ECB Rate Cut: Lagarde ‘Not Sure’ Would Be Best Move
The European Central Bank may “have room” to cut interest rates on Thursday’s meeting, but this is not necessarily the best way to deal with the euro zone debt crisis at the moment, Christine Lagarde, managing director of the International Monetary Fund, told CNBC.
European shares have risen to a two-month high this week on renewed hopes that the ECB would cut interest rates even lower than their current historic low of 0.75 percent.
Lagarde pointed out that more solid countries like Germany did not need rate cuts – although vulnerable Italy and Spain might.
She also argued that the euro zone needed to speed up the process of fiscal union.
“We would like more to happen more quickly because that’s the spirit of the time,” she said. Fiscal union should lead to a common fiscal policy and objectives, and potentially a joint finance minister or debt agency, which would be “terrific,” Lagarde argued.
The proposed joint euro zone banking regulator “has to be put in place rapidly” and “have binding authority over the national supervisors,” she said.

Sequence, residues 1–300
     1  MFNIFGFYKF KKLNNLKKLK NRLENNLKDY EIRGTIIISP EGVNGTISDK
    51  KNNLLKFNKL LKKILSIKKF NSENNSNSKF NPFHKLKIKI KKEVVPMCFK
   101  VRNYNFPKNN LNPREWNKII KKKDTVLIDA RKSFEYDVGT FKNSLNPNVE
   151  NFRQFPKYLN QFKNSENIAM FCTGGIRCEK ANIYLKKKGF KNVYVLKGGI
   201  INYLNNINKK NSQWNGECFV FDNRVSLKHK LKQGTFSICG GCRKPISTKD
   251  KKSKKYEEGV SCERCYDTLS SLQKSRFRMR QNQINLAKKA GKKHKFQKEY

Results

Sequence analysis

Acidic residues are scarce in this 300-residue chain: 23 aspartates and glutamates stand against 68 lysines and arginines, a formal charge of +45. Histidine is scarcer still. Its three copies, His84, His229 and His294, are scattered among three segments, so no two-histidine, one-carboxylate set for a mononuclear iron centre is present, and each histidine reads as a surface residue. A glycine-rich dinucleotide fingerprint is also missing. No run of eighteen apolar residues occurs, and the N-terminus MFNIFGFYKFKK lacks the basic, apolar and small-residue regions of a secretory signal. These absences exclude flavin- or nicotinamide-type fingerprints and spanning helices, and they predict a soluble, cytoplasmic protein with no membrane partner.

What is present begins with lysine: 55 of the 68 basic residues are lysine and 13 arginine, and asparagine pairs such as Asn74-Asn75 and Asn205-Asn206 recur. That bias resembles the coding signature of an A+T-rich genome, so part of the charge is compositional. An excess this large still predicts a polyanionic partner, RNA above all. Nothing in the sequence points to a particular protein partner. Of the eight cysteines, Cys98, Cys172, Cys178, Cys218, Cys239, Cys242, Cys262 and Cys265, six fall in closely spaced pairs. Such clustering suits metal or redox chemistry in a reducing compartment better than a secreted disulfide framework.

Lagarde also signalled that she is not looking to re-negotiate the terms of Greece’s bailout. There has been plenty of speculation about whether the IMF’s attitude to Greece will soften following the election of a pro-bailout coalition last month. The IMF is part of the troika which has bailed out the country, and enforced strict austerity measures which have been criticized for not doing enough to promote growth.
“I’m not in a negotiations or renegotiations mood at all. We are in a fact-finding mood. I’m sure they will have excellent numbers to show in various directions,” she said.
Lagarde also warned that regulators will have to be a “little bit more intrusive and more inquisitive” after the Libor scandal which has already seen the chief executive and chief operating officer of Barclays leave the bank.
“There are things happening that should not happen…despite the good will and despite the efforts and despite the quality of supervisors,” she warned.
Written by Catherine Boyle, CNBC.com. Twitter: @catboyle01